The Department of Justice announced Thursday the Drug Enforcement Administration is expanding how fentanyl-related substances are scheduled, thus bringing them to the same illegality and charging level as heroin and marijuana.

A DEA official told reporters that the agency is temporarily scheduling any type of illicit fentanyl analogue as a Schedule I drug — putting it on the same level as heroin and marijuana.

This new scheduling will make it easier for federal prosecutors and agents to criminally prosecute "anyone who possesses, imports, distributes or manufactures any illicit fentanyl analogue" like they already do other controlled Schedule I substances.

According to the DEA official, drug manufacturers are making “tweaks” to the chemical structure of legal fentanyl and other opioid drugs, which allows them to skirt U.S. scheduling laws when importing the drugs.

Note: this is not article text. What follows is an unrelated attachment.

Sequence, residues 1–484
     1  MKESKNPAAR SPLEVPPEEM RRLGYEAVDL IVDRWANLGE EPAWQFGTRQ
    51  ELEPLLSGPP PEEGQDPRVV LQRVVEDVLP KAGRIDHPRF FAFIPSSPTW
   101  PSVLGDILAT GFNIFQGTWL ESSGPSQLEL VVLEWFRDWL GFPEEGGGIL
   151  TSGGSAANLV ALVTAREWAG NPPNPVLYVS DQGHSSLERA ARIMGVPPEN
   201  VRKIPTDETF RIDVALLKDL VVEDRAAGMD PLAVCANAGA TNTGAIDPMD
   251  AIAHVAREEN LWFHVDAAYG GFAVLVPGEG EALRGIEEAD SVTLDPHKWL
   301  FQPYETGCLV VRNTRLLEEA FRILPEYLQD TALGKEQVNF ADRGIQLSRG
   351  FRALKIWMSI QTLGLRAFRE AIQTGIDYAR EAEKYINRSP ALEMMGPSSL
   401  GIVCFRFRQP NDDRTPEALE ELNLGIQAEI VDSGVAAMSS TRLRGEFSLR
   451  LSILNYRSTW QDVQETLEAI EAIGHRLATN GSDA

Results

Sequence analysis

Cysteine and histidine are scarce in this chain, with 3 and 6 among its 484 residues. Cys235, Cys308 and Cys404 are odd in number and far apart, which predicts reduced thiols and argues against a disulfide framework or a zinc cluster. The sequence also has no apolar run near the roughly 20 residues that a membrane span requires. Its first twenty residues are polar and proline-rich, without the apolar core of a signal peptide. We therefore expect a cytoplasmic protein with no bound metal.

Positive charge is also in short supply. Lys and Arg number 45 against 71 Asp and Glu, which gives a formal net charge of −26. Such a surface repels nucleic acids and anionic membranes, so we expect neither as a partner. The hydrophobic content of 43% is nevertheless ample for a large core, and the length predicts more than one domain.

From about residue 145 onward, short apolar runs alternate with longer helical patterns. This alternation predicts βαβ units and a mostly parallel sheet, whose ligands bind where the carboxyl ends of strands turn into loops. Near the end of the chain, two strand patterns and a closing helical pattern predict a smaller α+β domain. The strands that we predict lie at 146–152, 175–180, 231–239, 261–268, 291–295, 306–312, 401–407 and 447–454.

When the drug manufacturer is caught, prosecutors have to convict under the Analogue Act, a cumbersome process in which the federal government has to prove the drug similar to one in Schedule I or II should be categorized as such, despite molecular alterations.

Fentanyl on its own is a Schedule II drug, meaning it has a high potential for abuse and dependence, but can be prescribed medically. However, altered versions of fentanyl — i.e. an illicit fentanyl analogue — has no legal medical purpose in the United States, and has been linked to more than half of opioid overdose deaths reported in the second half of 2016.

“By scheduling all fentanyls, we empower our law enforcement officers and prosecutors to take swift and necessary action against those spreading these deadly poisons. I also urge the many members of Congress who clearly share our concern and alarm over fentanyl’s role in our opioid overdose epidemic to do their part by permanently scheduling these lethal substances,” Attorney General Jeff Sessions said in a statement.